More Diversity in the Workforce 

Representation within the workforce is important and having cultural competence will eliminate all patients’ reservations toward receiving the proper treatment. According to  Diversity in Healthcare, 4% of medical doctors are African-American and that is insignificantly low. As a black woman, having an African-American doctor is a rewarding yet rare experience because there is no discomfort or judgment that takes place. 

The ultimate goal is to facilitate quality care and promote transparency within the health care system so women of color can feel more comfortable and welcomed. According to American College of Physicians , providing a more diverse health care workforce that honors the patient is crucial because it’ll promote understanding among physicians, health care professionals, and patients. 

Prevent Health Disparities  

The Center for Disease Control and Prevention data(2013) suggests reducing racial disparities by focusing on communities that are at greater risk and increasing access to quality care.

 According to The Health Affairs Blog, all clinicians and personnel interacting with patients should receive racial bias training so they are fully aware of their racial biases that negatively affects their patient’s quality of care.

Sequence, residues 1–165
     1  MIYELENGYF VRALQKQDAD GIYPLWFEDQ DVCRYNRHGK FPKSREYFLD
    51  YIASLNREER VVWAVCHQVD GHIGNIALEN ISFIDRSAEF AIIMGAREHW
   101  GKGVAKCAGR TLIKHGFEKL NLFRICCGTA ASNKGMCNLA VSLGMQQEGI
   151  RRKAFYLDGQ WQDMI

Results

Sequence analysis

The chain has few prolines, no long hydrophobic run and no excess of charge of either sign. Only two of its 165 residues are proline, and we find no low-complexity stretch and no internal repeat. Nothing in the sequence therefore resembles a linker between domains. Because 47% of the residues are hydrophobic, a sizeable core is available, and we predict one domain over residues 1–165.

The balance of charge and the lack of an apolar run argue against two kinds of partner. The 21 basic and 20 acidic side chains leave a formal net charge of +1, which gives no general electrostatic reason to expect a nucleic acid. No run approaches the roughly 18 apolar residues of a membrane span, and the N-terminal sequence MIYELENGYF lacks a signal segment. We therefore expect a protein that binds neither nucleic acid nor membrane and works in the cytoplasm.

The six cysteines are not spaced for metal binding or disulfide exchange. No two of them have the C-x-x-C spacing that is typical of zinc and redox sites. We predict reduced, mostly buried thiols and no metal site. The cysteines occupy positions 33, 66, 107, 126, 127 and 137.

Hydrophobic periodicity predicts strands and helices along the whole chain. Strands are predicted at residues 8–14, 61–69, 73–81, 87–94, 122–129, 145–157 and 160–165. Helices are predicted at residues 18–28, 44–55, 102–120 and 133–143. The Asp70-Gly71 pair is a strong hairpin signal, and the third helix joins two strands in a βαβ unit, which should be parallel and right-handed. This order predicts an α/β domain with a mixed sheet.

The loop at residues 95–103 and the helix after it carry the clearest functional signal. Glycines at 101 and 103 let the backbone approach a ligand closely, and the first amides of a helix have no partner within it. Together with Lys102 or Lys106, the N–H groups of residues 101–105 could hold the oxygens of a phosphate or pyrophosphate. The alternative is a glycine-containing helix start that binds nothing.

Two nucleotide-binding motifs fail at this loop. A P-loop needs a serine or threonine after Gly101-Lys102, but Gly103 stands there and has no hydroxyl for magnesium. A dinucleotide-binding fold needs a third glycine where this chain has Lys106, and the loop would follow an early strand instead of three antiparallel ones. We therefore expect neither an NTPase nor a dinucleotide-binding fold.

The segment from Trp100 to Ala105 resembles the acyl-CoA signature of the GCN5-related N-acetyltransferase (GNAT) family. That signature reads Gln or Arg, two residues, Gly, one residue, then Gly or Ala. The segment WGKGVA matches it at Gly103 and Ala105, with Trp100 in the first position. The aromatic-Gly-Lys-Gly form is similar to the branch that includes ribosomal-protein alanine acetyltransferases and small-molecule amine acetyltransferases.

Inclusivity Mindset  

The United States will become a melting pot of different cultures and identities which makes inclusivity the ultimate goal toward progression. According to the National Institute of Health, women of color will represent 53% of the U.S population by 2050. 

Women of color face systematic obstacles that are made to exclude and neglect themselves daily. The inclusivity mindset will encourage women of color to be proud of their differences because they would see more health professionals that look like them. In order to decrease racial disparities, unsupported women of color must find ways to advocate for themselves so they receive the proper support that they deserve. The list below are 5 tips that will help decrease racial disparities within the healthcare industry.